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cross-linked and filled with polystyrene beads which leads to an attenuation power dependence expressed by (Y= 4f0*’ dB cm-’ . Lower attenuation coefficients and the contact lens materials. PAM gels shows a much higher frequency, typically expressed
were found for PAM gels In particular, attenuation in power dependence on by 0.1 f’*’ dB cm-’ (Fig. 3).
It is evident from the experimental results that the high water content in gels with weak scattering ability resembles body fluids with a frequency power dependence reaching 1.5, whereas the more structured gel matrices yield a power dependence close to unity. Physical properties The cross-linked gel matrices as described above achieve a bulk structure ranging from soft to an almost stiff state which is thermally stable up to 60°C. Weakly scattering gels can be made translucent and bulk density is typically between 1.030 and 1.100 kg rns3, with a slight decrease in density (0.1%). A follow-up on sealed matrices is currently being made.
Gel concentration @] Fig. 1 Longitudinal phase velocity as a function of gel concentration in percentage dry weight gel or polymer to 100 cmm3 water. l - cross-linked gelatine matrices, q - polyacrylamide monomers (PAM), o -eye contact lens plastisols.
Velocity measurements were made with a pulse propagation timedelay method using 0.5 to 2.0 cm thick samples. Such readings may be prone to errors6, but with sufficiently thick samples a 0.5% standard deviation was obtained. The set of samples were all moulded between plane parallel glass plates spaced by Teflon rings. Results The frequency dependence of the amplitude attenuation coefficient 01,expressed in dB cm-‘, was determined by a regression analysis assuming a frequency power dependence of the form a! = Qp as a first approximation, where the coefficients a and b are typically found to be 0.8 and 1.l respectively, for abdominal tissues such as the human liver in vitro7. Among the more highly attenuating structures found in soft tissues, frequency dependence appears to have a power dependence much closer to unity than for fluids such as cystic liquids (b = 1.5 - 1.7). This tendency is also found for the gel matrices reported by Madsen et a14, when fitted to a power relation CY=af’, as well as among the soft tissues compiled by Goss et a1.7 Close approaches to soft tissue attenuation frequency dependence and speed of sound have been obtained with a 20-25% concentration of gelatin solution cross-linked with GDA and filled with 15% dry weight of PVA powder (Fig. 2). An even higher relative attenuation, but with a lower power dependence, is found in sample 2, a 20% gelatin matrix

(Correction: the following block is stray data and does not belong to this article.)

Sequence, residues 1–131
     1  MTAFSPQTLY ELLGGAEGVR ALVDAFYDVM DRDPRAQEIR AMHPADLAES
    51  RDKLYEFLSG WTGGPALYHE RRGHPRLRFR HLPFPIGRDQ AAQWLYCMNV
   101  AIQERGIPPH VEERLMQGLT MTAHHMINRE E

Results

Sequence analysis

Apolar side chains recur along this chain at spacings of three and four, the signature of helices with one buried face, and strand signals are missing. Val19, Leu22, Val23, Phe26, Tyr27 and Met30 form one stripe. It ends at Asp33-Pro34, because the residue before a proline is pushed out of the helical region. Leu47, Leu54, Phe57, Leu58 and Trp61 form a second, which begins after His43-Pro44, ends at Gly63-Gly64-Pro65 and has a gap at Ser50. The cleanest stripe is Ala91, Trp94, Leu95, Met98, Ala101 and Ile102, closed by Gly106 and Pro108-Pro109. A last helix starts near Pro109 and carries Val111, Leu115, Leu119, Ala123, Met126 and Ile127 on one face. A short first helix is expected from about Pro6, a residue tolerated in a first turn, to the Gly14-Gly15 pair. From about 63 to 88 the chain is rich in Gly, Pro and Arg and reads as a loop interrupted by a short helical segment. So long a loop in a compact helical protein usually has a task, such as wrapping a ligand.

Frequency [MHz] Fig. 2 Attenuation against frequency and speed of sound in a few cross-linked gelatine matrices and two tissues in vitro? f is in MHz. Frequency Longitudinal power dependence velocity idI3 cm-‘s*l [m s-‘I
. A X * 0 .
Tendon in vitro 20% gelatine, 4% polystyrene beads Liver in vitro 20% gelatine, 15% PVA powders 25% gelatine, 7.5% graphite powder 25% gelatine, 6% PVA powder
4.5f a8 4.0f”.’ ;:;;::: 0.7fl.l 0.451.3
1580 1550 1550 1590 1570 1540
more structured gels and tissues, indicating that losses due to relaxational absorption dominate and that the discrete relaxational frequencies are in the low- or sub- MHz domain.
Discussion From Figs 2 and 3 it can be seen that when attenuation is raised due mainly to the increase in scattering strength, that is, proportional to an increase in the number of scattering obstacles per unit volume, the frequency dependence approaches a linear relationship (b - 1 ,O) compared to a power dependence where b - 1.5 in more fluid-like media such as cyst-liquids. This finding is in conflict with the expected Rayleigh scattering behaviour (b - 4) when weakly scattering obstacles with dimensions much less than a wavelength are present. This behaviour is not easily explained, but it has been suggested’ that a substantial contribution to attenuation is due to a series of discrete relaxation frequencies leading to the total attenuation being almost linearly dependent on frequency.